Referring now to
In some aspects, communication device 405 may link with other devices 410, 415, 420, 425, 430 to utilize the capabilities of the other device. This may include providing a graphical user interface via the other device for control, configuration, access, etc., to the communication device 405. In some aspects, communication device 405 may utilize communication capabilities of the linked device 410, 415, 420, 425, 430 to send data via another communication channel, for example, when the communication device 405 is out of communication range of the intended recipient.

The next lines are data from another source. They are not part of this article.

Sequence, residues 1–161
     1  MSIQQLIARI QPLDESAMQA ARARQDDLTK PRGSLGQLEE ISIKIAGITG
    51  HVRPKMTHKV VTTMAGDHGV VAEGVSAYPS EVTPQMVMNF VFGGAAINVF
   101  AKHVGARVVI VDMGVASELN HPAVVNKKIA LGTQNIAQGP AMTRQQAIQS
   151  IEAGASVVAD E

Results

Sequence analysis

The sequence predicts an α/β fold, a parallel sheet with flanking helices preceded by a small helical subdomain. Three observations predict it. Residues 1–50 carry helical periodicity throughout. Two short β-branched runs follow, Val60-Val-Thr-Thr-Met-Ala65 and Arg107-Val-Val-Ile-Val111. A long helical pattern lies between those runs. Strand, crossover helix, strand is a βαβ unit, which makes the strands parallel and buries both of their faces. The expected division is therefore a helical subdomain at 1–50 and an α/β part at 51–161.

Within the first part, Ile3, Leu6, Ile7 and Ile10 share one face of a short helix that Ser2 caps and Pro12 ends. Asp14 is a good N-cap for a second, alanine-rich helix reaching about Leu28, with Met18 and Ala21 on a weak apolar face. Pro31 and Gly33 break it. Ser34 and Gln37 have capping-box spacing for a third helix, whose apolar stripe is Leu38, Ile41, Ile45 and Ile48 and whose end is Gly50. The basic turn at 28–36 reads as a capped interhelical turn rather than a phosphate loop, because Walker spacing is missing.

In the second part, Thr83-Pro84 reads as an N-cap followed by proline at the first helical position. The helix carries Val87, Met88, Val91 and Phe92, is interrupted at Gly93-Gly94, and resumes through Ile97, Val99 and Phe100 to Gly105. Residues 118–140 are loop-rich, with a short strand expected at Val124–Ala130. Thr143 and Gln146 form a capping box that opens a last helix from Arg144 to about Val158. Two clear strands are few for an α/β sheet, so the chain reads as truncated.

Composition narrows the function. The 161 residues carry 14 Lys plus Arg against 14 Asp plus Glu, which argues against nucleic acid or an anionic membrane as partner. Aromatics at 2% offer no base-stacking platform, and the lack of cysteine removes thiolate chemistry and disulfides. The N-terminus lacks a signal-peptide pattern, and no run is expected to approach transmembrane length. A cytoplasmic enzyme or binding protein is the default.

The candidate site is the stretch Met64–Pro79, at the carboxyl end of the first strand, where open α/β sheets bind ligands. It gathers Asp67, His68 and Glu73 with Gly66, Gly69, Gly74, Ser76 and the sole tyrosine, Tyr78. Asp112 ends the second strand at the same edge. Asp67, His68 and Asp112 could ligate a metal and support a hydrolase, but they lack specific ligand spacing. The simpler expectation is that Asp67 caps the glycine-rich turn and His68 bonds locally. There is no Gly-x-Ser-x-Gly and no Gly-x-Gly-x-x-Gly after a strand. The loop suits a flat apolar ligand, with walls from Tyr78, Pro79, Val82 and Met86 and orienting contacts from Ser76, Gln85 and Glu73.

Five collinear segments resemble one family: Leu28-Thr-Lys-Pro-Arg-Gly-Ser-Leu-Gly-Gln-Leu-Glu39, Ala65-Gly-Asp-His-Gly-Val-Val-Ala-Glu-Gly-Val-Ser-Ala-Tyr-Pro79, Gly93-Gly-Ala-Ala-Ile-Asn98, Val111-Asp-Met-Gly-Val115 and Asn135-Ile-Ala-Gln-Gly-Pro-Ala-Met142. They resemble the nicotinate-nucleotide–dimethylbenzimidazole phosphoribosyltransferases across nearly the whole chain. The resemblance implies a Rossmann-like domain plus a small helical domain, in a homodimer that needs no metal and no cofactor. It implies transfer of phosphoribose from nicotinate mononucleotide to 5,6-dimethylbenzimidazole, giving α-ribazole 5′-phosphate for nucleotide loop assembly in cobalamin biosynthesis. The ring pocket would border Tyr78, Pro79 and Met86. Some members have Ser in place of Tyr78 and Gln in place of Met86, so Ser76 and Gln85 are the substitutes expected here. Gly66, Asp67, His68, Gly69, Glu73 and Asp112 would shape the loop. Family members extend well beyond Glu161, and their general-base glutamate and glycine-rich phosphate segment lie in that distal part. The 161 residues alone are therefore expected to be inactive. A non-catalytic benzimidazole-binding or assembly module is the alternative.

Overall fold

In some aspects, communication device 405 may link with another device 410, 415, 420, 425, 430 to utilize other resources of the other device, such as processing power, memory, other device interfaces, and so on. In one example, communication device 405 may be placed near an existing repeater device or computing device that does not support communication over a desired frequency spectrum, such as 220-222 MHZ. In supervisory control and data acquisition (SCADA) applications, for example, the communication device 405 may interface with the existing device to obtain desired information, such as equipment measurements, environmental measurements or other data to be collected by the existing device (either directly or indirectly, in the example of a repeater device or control station that collects information from remote sensors). The communication device may then relay the obtained information using the 220-222 MHZ spectrum, such as over one or more ultra-narrowband channels, to relay the data using a repeater network and/or the internet, to an intended recipient. In this way, the described adjustable software defined radio technology may be used to enhance existing technologies.